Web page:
Without a will: What happens to your home when you die?

According to the Transaction Support Centre (TSC), which assists lower-income clients with property-related issues, too many South Africans have not drafted formal, legal wills, unaware that this could leave their dependents and families in dire straits should they die.

The TSC and its affiliates, research consultancy 71point4, the Centre for Affordable Housing Finance in Africa (CAHF), and conveyancing firm STBB, report that while millions of South Africans prepare for death by buying funeral policies*, only around 30%** have wills. When a property owner dies without a will, they can unwittingly leave behind significant cost and anxiety for their families.

Many low-income South Africans are beneficiaries of the government subsidised housing programme. While these houses are given away for free, they are valuable. In urban areas they typically trade for over R200 000. Owners will therefore want to be sure that their asset is passed on to their heirs without conflict, and that their heirs get the full benefit of the property’s value.

“Deceased estates can take months to wind up and incur legal costs many families may not be prepared for. When no will is in place, the time and costs involved could increase significantly, and more worryingly it could mean that the intended heir to the deceased’s estate may not be the one who ultimately inherits it,” says Lisa Hutsebaut, conveyancer for the TSC.

What happens when no will is in place?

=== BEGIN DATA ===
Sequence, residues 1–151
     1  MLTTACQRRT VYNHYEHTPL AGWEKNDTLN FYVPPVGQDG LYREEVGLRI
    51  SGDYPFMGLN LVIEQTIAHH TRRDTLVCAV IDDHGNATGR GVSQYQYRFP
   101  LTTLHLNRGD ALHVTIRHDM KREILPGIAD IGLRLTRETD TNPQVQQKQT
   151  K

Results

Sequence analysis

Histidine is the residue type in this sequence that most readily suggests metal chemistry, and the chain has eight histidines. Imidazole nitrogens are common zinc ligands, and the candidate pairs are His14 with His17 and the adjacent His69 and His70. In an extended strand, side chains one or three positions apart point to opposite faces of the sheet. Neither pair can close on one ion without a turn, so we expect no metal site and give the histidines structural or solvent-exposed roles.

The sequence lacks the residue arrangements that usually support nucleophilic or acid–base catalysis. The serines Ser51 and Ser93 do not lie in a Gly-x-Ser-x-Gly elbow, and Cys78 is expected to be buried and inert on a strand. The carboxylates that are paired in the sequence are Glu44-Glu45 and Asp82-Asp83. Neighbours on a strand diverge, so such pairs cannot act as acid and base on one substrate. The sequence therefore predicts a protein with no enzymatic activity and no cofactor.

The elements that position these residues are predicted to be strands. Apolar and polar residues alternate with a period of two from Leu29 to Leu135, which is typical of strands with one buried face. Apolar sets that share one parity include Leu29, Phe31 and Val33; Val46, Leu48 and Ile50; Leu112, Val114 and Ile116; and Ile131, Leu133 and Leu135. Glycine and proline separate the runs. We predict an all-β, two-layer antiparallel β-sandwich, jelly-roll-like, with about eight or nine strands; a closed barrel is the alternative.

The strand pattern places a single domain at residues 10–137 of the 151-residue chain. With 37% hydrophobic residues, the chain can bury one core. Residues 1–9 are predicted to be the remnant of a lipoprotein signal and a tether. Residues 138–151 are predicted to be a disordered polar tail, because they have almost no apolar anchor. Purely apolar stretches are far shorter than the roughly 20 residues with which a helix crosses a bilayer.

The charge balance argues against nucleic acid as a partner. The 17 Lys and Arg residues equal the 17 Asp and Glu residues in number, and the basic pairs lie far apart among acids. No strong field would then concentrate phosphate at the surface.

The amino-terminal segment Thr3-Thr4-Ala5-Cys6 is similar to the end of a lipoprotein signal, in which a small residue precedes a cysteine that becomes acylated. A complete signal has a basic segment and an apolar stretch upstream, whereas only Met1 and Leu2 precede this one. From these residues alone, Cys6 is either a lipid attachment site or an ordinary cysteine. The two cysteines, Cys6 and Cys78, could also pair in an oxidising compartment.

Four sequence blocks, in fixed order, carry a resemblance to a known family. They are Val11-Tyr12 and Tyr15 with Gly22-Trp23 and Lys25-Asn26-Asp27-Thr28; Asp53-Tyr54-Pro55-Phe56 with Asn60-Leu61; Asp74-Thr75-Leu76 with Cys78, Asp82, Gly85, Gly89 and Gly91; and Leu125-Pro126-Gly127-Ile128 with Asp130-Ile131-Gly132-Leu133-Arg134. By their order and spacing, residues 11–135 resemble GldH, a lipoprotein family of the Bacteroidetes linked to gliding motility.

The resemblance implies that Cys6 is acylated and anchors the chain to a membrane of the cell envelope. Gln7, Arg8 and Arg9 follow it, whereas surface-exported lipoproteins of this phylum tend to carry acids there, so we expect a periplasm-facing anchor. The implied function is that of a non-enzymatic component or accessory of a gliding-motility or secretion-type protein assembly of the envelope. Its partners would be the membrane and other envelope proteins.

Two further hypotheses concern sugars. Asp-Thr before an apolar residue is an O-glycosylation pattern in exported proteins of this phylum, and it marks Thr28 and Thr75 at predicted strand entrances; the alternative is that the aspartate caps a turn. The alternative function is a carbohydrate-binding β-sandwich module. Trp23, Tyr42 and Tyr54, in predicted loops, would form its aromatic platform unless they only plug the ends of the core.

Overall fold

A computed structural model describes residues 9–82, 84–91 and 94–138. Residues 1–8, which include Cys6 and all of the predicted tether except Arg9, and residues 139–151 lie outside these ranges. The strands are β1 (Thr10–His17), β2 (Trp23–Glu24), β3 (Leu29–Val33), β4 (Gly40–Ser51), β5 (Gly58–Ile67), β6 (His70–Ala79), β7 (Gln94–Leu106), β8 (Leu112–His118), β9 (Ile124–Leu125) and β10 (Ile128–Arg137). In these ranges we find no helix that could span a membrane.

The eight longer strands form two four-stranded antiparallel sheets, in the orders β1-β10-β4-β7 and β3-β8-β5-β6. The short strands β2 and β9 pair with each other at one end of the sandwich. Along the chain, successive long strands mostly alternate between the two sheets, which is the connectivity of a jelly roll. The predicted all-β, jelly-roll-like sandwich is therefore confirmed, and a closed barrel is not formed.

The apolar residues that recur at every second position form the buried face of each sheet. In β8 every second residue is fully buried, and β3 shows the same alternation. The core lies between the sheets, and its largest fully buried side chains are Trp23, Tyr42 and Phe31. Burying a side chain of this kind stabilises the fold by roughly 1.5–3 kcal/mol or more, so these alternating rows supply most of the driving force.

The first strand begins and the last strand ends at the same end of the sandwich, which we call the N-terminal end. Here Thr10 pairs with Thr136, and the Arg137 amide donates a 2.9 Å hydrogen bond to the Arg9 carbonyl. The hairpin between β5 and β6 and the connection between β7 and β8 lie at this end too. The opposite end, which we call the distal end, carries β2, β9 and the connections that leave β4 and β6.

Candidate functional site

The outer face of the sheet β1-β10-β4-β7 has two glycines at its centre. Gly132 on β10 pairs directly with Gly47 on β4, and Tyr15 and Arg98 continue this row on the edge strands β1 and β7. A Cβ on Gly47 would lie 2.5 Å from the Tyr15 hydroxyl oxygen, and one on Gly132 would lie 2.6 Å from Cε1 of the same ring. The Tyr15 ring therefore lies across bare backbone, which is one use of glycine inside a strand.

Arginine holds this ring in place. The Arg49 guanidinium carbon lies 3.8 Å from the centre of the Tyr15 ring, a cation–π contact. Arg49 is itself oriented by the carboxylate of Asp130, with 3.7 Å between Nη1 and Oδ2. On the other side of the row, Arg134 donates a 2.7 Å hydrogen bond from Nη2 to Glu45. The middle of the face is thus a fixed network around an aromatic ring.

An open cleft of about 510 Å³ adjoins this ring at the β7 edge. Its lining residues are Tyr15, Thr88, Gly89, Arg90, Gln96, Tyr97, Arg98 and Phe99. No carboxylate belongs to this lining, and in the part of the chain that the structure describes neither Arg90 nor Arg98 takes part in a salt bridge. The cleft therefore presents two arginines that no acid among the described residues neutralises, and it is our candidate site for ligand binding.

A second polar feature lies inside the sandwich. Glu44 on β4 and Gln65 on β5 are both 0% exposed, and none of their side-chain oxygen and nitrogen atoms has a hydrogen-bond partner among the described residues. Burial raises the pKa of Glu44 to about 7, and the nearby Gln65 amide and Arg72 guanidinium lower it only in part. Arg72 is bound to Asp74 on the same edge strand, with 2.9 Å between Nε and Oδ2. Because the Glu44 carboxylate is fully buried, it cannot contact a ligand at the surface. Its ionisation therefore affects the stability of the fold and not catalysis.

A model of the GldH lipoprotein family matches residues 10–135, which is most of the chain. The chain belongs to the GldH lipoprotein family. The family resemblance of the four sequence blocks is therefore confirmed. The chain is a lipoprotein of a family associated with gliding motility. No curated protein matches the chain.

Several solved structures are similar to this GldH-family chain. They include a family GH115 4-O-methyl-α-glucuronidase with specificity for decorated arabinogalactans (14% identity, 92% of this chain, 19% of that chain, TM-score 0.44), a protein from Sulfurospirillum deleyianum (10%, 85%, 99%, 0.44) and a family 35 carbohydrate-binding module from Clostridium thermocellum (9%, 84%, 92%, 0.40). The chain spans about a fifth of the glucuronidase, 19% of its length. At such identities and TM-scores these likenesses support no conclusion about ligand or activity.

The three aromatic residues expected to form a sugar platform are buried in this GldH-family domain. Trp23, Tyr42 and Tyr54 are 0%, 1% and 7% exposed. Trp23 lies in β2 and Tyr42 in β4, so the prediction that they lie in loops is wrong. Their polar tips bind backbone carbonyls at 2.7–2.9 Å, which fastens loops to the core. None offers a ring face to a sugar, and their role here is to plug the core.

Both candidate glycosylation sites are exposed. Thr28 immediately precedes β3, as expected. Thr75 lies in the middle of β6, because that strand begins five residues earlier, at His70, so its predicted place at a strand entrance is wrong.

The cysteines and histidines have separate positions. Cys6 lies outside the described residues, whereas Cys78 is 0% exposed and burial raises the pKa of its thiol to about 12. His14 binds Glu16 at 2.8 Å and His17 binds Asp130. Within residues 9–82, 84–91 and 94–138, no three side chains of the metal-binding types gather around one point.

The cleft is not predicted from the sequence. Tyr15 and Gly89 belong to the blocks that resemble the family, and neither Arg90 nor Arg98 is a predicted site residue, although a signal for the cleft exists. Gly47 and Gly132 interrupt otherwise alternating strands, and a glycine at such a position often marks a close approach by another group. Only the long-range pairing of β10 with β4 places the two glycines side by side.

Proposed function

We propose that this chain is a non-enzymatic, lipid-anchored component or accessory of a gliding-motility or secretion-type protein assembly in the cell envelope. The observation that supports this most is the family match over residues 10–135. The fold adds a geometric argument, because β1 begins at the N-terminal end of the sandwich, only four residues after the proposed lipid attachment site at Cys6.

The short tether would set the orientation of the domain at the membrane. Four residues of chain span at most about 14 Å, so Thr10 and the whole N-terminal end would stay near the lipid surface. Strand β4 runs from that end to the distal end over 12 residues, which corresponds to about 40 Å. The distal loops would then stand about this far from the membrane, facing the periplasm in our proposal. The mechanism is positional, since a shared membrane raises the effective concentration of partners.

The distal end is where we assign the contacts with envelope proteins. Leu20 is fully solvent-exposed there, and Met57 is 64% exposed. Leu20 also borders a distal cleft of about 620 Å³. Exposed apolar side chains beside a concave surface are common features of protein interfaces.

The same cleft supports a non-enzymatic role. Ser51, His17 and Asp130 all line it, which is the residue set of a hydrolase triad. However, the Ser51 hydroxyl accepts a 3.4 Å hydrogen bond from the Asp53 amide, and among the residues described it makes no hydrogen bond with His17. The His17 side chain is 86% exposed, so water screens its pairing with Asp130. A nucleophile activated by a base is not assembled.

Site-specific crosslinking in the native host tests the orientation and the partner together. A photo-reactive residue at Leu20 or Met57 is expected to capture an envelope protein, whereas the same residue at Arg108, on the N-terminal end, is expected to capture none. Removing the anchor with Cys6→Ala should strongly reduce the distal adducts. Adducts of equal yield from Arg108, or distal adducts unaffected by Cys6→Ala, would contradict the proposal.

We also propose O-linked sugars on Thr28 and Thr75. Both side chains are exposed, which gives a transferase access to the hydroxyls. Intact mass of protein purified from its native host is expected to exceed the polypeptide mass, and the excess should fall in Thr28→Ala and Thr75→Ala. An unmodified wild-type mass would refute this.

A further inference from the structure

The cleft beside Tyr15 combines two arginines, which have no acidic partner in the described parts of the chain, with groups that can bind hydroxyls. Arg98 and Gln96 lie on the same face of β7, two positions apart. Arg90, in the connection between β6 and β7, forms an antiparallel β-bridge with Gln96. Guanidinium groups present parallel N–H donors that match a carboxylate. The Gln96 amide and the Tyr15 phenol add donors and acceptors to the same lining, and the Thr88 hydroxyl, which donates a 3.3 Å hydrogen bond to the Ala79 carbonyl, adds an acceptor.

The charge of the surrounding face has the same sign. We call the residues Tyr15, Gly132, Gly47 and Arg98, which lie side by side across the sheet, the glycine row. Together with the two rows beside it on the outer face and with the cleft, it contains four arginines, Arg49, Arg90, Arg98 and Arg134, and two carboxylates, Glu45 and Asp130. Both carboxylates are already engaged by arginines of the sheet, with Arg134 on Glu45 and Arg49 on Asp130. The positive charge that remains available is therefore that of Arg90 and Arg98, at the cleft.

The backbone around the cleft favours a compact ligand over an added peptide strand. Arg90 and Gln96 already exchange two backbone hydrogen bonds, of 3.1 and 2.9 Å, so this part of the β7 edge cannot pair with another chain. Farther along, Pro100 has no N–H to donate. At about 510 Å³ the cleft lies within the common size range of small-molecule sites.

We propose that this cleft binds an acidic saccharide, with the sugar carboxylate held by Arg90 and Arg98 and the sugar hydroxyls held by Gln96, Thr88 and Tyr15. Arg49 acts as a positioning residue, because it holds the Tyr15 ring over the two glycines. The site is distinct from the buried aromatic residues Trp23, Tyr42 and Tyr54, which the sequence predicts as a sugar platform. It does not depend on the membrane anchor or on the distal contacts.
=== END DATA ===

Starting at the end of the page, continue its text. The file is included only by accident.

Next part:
Hutsebaut explains that where there is no will in place, the laws of intestate succession apply. These laws stipulate how a deceased estate is to be distributed between surviving heirs.

Without a will, the Department of Justice Master’s Office, which supervises the administration of deceased estates, will appoint an executor to settle any of the deceased’s liabilities and distribute the balance of the estate in terms of the Intestate Succession Act. In terms of this, the spouse or registered domestic partner inherits the largest share of the estate – usually the property – with some allocation to the children, siblings, parents and other blood relatives. Children may inherit the property after the death of the surviving spouse, but this does not always happen.

People reporting an estate to the Master’s Office are required to complete and sign a Next of Kin or J192 Affidavit providing the names and ID numbers of relatives who might have a claim on the estate. Unfortunately, it appears that this data is not always independently verified by the Master by cross-checking with the Department of Home Affairs despite integration with Home Affairs, which maintains official records of this data. Thus, the Master’s Office relies on the integrity of the signatory, leaving the process open to fraud.

When lack of a will hampers a home transfer

In one case which the TSC assisted with, the client Lungisile* approached the TSC for assistance in transferring her mother’s property into her name. TSC discovered that she was one of three siblings, which meant her siblings would have to renounce or donate their share of the property. One was willing to do so, but the older sibling, a brother, was deceased. In terms of the laws of intestate succession, the deceased brother’s share passes to his child. However, because the child was only nine years old, and a minor, he could not renounce or donate his share. She agreed to transfer the property into hers and her nephew’s name. But this has implications for Lungisile’s ability to sell or borrow against the property until the child turns 18.

When to get a will

“Having a will ensures that the intended heir retains their property, and avoids conflict and additional costs for the family,” says Hutsebaut. “Now is the time for people to have the difficult conversation – sit down with their families and say when I die, this is what I want to happen to the house, and then to formalise their wishes with a will, to ensure their families have some protection.”

How to get a will

Wills are typically drafted by estate attorneys, financial advisors, or with the assistance of your bank.

 

Source: MoneyWeb – Transaction Support Centre